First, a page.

3 Dreams That Will Improve The Modern Workplace
“Our lives begin to end that day we stay silent about the things that matter.” – Martin Luther King Jr.
I have no memory of the events of August, 1963; I was six years old. But on the days around August 28, 2013, I was glued to the coverage of the 50th anniversary of the civil rights March for Jobs on Washington and Dr. Martin Luther King Jr.’s legendary “I Have a Dream” speech. Read the full speech.
I am moved and inspired by all of it. Moved by the images of 250,000 people of all races and ages who descended on Washington, D.C. with a common purpose and they did it through the social media at the time – word of mouth, telephones, radio, television, and places of worship. Not a tweet to be found and yet they came. Nine months in the planning, the March was a logistical challenge of communication and transportation of the highest order and the stakes had never been higher. The determined looks on the faces and in the eyes of the marchers said it all. There was no other place on Earth they would rather have been on that day.
Dr. King’s profound words about the quest for justice, equality, freedom, and dreams live within us despite having been spoken 50 years ago. We’ve come a long way in 50 years but we still have a way to go to that “mountaintop.”
When I listened to Dr. King’s words about being judged by the “content of your character,” my mind moved to our modern workplace. There too, we have come a long way in 50 years. In both cases, the dreams yet to be manifested are rooted in respect, acknowledgement, and doing the right thing.
Dr. King said, “1963 is not the end. It is the beginning.” I believe we need to say the same thing about 2013 and let the past inform the future. Here are my three dreams for the workplace of 2013.
1. Zero-Tolerance for Bullying. I dream of a workplace where bullying and leading by intimidation is no longer tolerated or considered sanctioned behavior. Rather, it is taboo and grounds for sanctions against it. Destructive acts such as yelling, public humiliation, and unfair treatment are tearing at the fiber of productivity, morale, and employee retention in our current workplace. At the heart of the matter is the core value of respect – respect for all employees at every level, women and men alike. This will require a debate on the definition of bullying at companies across our country. That would be a good thing. It’s time.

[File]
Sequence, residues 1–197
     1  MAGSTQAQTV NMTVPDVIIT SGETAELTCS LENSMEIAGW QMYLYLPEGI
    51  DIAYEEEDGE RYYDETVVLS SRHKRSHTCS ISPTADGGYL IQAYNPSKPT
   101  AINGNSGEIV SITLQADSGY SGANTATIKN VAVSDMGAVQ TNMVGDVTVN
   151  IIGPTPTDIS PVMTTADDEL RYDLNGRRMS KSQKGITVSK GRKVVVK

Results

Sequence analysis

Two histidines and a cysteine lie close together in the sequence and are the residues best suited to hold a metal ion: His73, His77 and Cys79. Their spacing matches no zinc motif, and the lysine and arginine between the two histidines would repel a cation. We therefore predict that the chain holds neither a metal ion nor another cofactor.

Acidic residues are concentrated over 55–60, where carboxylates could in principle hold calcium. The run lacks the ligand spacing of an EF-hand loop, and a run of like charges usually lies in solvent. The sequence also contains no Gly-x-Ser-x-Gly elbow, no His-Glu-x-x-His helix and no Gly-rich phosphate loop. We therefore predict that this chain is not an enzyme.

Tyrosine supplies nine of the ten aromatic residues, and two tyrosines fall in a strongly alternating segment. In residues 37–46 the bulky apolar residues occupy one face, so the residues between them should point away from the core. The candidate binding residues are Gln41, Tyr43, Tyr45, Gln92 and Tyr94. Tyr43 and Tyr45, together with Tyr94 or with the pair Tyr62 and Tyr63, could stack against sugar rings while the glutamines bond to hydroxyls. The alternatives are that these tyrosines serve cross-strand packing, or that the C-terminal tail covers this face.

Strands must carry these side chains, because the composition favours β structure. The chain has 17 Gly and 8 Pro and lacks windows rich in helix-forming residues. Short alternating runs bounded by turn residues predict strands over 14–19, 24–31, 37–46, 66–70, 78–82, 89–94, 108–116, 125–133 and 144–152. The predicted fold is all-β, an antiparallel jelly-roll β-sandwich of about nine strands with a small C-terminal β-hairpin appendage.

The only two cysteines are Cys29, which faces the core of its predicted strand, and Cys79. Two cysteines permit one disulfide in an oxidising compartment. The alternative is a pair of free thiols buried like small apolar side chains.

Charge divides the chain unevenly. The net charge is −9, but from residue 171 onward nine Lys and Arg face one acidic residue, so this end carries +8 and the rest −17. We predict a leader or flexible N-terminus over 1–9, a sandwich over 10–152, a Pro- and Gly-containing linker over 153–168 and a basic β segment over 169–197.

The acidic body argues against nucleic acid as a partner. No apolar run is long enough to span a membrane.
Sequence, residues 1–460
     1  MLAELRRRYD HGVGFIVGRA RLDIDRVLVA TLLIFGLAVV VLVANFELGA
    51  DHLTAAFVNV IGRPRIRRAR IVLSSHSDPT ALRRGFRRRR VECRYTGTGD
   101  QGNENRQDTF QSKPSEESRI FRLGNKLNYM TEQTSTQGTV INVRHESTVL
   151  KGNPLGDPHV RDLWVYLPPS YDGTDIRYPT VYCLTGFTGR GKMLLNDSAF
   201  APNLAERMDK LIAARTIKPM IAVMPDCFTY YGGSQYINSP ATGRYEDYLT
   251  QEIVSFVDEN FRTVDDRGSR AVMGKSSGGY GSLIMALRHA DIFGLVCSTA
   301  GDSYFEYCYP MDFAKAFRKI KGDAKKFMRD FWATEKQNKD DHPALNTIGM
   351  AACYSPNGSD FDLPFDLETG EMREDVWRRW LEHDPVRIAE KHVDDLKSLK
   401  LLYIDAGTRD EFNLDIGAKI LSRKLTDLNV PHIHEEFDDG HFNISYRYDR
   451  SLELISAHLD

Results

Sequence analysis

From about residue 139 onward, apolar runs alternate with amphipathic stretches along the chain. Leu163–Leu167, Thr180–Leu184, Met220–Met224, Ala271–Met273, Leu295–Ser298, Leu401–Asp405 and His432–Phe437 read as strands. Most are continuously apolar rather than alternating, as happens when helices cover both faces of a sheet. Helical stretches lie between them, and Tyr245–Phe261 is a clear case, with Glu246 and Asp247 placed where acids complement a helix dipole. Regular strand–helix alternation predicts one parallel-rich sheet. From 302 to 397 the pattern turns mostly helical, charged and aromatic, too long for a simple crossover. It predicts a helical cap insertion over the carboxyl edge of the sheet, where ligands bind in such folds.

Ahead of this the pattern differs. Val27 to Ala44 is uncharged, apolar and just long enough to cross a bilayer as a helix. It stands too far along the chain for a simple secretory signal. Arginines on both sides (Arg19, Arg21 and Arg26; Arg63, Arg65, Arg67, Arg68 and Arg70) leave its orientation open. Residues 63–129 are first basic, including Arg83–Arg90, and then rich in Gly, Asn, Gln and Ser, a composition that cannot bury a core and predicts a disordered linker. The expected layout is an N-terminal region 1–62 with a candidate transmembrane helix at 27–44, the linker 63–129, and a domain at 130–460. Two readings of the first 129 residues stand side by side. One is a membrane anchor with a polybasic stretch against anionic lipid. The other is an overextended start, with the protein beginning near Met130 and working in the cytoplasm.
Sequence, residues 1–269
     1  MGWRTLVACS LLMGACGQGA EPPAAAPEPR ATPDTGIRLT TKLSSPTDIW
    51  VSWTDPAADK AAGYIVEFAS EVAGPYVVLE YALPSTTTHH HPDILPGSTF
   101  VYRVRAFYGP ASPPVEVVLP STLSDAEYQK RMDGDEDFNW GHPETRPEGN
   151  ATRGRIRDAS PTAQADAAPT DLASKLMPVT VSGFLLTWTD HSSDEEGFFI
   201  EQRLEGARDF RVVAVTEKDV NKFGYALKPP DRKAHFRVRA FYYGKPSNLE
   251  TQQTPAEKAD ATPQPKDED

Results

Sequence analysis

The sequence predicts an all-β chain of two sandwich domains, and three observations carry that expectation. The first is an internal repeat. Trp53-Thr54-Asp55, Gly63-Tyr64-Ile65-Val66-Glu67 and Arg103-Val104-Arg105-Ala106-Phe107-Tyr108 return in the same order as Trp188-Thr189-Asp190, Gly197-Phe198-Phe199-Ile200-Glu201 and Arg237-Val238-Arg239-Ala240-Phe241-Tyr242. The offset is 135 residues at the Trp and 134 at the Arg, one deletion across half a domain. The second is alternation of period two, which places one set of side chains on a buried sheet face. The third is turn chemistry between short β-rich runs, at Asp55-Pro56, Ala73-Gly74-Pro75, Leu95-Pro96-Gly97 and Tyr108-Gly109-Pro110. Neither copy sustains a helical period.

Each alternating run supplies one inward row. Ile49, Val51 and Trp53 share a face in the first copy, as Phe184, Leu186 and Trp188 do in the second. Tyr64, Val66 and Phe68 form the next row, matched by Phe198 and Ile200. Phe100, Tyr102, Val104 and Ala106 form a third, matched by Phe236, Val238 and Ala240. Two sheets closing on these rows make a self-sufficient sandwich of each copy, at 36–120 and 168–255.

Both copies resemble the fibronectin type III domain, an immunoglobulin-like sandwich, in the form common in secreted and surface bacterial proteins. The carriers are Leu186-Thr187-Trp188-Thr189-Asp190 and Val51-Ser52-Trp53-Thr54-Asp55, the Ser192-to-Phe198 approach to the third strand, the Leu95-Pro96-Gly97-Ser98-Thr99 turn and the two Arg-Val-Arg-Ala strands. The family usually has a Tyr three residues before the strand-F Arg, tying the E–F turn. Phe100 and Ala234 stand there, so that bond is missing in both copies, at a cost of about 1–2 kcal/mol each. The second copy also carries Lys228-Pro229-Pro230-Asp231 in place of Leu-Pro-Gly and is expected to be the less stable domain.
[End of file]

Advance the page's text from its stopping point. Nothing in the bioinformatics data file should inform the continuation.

2. Equal Pay for Equal Work. I dream of a workplace where women are paid the same salaries as men for performing the same job. Currently, women are paid .77 cents for every dollar paid to men. With more women than men graduating from college and with the workforce being more than 50% female, we need our leaders to take a hard look at compensation packages.
3. Building Strong Leaders. I dream of a workplace that enthusiastically and actively invests in leadership education for both managers and staff. Great leaders are made through education and practice. We are in more need than ever of leaders who are ethical and have integrity to stand up for what is right in a time when every misstep is reported on the evening news. Too many companies have a revolving door of staff which is an indication of deficit leadership. Leadership training can begin its strong foothold in business schools. The most successful companies will be the ones with the most trained staff and a more balanced representation of women as CEOs and on Boards of Directors.
When we accomplish these dreams, I envision that the workplace will be positively transformed and known for transparency, non-discrimination, and commitment to fair practices.
August 28, 1963 showed the world how to stand up for what is right and what happens when enough people dream the same dream. The world has never been the same.
What are you dreaming for your workplace?